BA Political Science (Honors), University of Oklahoma - May 2014
Brandon Ranallo-Benavidez is a PhD Candidate in the Department of Public Administration and Policy at American University.
Brandon’s research agenda is animated by the questions: “How does using non-governmental entities to deliver public programs and policies influence citizen’s experiences and outcomes, especially for vulnerable or marginalized communities? How can this third-party governance either enhance or deteriorate the attainment of social equity?” Brandon’s research interests lie at the intersection of public management scholarship on the outsourcing of government service delivery and public administration studies of social equity and disentitlement.
Utilizing the policy domain of foster care and adoption services in the U.S., Brandon is writing a dissertation that synthesizes his research interests. His dissertation uses an original, self-created dataset of states' contracting decisions regarding child foster care and adoption services in the past 20 years. He is investigating these contracting decisions, theorizing them as "the contracting out of administrative burden" following the relatively rapid expansion of spousal and parental rights of LGBTQ Americans.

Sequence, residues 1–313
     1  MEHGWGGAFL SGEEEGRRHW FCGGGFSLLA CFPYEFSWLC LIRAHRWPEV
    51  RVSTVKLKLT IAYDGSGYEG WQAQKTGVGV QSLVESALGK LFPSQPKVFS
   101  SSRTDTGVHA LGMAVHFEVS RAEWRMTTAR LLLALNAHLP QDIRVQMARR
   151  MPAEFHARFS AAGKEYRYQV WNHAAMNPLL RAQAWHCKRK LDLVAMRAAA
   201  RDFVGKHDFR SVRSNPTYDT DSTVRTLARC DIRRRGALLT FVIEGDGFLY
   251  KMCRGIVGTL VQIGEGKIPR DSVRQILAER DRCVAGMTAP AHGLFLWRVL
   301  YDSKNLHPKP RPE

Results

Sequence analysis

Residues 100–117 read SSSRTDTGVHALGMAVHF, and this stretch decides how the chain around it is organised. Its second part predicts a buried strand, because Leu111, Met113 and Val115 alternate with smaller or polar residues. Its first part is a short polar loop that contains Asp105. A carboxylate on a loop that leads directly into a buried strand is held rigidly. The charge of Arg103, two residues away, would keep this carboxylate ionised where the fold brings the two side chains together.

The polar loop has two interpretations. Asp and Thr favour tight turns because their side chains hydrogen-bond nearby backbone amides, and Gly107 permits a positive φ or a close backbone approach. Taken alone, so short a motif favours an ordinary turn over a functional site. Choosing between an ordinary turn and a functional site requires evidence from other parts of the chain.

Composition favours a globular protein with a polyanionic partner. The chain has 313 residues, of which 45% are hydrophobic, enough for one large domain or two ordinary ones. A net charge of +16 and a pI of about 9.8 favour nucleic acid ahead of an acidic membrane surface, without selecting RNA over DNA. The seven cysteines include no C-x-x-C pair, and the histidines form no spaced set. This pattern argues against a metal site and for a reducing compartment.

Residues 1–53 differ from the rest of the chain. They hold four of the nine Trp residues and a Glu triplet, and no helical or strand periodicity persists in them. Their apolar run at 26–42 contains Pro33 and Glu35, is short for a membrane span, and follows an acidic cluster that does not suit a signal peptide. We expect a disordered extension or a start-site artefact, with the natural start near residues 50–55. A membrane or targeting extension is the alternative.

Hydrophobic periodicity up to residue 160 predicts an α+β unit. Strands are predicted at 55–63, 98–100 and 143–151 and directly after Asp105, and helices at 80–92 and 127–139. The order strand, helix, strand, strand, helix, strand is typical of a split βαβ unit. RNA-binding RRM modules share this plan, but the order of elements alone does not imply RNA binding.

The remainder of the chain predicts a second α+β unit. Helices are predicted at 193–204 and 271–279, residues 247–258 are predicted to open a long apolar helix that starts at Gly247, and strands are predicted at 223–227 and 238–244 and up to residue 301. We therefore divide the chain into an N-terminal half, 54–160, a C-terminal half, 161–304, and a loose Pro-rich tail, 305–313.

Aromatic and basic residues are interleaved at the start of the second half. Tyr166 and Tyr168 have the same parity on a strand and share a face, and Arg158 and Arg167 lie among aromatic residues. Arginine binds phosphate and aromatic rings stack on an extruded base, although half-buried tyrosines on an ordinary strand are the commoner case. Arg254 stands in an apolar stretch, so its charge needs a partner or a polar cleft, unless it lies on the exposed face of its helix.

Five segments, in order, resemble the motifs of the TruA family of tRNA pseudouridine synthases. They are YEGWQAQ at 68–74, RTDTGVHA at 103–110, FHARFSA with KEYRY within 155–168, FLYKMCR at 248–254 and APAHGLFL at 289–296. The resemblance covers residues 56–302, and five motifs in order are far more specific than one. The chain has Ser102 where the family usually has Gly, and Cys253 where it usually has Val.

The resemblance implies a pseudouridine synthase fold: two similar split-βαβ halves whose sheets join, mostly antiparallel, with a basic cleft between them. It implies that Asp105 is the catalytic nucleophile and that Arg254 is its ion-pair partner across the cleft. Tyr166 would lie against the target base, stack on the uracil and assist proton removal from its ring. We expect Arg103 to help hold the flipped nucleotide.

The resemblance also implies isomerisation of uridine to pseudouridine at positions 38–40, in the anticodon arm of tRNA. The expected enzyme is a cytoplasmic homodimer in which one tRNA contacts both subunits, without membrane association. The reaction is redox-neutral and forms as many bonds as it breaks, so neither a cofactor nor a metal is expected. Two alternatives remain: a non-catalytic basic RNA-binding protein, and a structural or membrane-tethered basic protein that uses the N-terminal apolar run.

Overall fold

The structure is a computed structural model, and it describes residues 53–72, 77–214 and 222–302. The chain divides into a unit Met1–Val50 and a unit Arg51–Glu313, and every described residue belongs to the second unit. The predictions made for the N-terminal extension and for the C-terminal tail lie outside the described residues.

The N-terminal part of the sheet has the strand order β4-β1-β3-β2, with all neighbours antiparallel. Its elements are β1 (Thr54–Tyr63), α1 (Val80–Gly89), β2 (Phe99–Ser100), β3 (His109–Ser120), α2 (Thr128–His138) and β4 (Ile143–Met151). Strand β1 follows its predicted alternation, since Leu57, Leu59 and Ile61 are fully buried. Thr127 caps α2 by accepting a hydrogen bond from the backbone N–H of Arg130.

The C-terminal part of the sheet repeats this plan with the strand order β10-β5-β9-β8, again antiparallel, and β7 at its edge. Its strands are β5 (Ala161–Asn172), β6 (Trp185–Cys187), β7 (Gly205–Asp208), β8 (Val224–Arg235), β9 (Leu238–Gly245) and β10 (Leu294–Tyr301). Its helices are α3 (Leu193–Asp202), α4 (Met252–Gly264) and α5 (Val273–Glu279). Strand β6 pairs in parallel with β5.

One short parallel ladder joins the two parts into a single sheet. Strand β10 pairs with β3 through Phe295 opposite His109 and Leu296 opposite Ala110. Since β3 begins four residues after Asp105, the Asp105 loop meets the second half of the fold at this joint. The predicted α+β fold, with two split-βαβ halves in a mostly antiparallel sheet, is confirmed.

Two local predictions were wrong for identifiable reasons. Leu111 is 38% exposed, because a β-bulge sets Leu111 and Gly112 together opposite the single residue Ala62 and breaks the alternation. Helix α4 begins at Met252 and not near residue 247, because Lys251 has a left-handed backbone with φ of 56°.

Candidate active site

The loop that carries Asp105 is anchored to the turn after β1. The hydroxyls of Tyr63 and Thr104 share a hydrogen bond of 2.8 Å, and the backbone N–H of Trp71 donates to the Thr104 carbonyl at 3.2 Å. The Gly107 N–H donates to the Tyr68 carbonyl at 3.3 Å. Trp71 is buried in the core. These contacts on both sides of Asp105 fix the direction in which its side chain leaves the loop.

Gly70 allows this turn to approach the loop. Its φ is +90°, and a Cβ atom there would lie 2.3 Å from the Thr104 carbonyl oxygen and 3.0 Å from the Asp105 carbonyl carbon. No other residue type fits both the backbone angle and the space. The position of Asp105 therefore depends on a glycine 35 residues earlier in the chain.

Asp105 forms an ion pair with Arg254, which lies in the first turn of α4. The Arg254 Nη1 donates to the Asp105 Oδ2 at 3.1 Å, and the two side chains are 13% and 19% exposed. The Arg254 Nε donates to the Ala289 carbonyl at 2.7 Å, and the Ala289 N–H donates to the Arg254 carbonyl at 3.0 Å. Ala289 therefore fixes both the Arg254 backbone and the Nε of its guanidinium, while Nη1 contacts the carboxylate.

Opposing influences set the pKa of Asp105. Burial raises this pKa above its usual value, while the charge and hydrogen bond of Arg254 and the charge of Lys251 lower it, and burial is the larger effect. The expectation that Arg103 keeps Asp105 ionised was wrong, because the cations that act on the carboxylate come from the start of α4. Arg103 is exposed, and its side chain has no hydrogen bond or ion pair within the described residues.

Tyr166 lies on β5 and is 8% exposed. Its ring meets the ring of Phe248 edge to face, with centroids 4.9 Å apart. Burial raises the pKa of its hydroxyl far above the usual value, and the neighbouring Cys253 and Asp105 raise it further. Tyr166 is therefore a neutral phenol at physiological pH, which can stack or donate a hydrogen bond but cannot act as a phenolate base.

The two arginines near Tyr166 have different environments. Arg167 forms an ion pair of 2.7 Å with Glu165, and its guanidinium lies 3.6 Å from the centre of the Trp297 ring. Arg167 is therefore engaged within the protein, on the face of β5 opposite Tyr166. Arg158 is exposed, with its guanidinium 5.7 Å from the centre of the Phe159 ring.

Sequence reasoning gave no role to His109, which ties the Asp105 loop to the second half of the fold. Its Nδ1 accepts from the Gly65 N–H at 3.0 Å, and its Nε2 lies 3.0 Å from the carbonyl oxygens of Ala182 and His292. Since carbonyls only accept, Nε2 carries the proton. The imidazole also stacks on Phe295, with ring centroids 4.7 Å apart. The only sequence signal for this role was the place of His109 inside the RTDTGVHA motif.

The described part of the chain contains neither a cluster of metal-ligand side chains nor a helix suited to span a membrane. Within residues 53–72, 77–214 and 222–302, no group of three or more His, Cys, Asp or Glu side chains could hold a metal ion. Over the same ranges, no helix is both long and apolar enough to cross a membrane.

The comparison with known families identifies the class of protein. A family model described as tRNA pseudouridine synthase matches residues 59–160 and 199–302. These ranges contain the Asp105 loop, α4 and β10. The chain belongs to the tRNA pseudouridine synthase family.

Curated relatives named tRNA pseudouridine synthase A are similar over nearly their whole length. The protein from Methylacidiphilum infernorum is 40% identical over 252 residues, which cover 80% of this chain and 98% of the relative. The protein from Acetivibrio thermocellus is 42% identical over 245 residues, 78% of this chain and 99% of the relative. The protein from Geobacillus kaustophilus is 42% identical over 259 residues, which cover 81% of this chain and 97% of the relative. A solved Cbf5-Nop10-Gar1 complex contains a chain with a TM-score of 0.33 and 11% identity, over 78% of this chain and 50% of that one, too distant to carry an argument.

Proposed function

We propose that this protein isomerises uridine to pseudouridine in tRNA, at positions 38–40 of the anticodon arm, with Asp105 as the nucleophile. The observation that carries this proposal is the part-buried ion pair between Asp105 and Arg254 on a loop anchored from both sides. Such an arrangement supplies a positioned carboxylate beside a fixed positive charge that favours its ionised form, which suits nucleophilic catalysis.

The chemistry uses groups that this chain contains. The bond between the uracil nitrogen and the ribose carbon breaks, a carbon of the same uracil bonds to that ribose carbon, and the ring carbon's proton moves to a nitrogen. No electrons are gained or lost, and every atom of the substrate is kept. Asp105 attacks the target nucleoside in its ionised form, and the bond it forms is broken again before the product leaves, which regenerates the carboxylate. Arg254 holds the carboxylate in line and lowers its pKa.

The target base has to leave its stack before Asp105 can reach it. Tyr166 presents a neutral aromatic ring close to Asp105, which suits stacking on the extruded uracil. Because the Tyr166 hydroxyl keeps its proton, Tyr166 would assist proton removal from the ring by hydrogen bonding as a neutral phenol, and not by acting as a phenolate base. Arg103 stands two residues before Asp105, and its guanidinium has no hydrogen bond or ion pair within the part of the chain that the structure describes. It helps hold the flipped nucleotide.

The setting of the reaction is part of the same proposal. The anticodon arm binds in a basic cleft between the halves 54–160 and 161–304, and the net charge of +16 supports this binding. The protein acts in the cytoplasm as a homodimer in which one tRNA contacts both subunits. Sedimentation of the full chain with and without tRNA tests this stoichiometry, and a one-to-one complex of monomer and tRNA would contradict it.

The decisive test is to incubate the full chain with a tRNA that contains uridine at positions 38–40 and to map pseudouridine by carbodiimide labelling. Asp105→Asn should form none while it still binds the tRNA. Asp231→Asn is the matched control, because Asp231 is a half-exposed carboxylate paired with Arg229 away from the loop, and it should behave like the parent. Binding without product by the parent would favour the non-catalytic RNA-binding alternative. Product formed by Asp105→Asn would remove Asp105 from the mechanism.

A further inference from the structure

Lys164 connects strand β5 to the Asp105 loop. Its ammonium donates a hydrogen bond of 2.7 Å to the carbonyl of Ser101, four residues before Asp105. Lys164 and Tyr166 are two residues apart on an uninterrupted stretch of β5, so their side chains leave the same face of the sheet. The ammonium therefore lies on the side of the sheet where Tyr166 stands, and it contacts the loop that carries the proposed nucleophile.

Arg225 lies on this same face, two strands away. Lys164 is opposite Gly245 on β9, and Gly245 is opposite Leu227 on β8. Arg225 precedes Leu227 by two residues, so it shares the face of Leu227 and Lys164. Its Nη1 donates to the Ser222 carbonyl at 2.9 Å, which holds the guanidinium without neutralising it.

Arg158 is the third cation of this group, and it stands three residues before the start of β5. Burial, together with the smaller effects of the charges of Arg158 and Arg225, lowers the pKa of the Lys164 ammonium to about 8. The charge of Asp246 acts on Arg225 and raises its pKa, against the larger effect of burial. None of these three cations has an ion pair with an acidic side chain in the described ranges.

Brandon’s research on the American foster care and adoption system contributes to scholarship on (1) contracting, especially issues for vulnerable populations that may arise in the externalization of public service delivery; (2) administrative burden, particularly the salience of the concept in "third-party governance" regimes; (3) social equity, for both vulnerable foster care children and marginalized LGBTQ adults seeking parenthood; and, (4) program evaluations of child and family policies.
In addition to his solo-author work, Brandon has ongoing research projects with both faculty and other PhD students. These co-author papers explore a wide variety of policy areas, including rape and sexual violence prevention, LGBTQ anti-discrimination policies, HIV/AIDS transmission prevention programming in LGBTQ communities of color, marriage equality’s effects on children’s welfare, and immigration detention at private prisons.
In addition to his research, Brandon's dedication to teaching and mentoring students has been reinforced during his PhD studies. He was afforded the selective opportunity to tutor microeconomics, statistics, quantitative research methods, and econometrics courses. Additionally, Brandon was privileged to be selected by his Department to be the instructor of record for the Spring 2017 undergraduate "Introduction to Public Administration and Governance" course.
These experiences have solidified Brandon’s commitment to his research as well as his teaching and mentoring.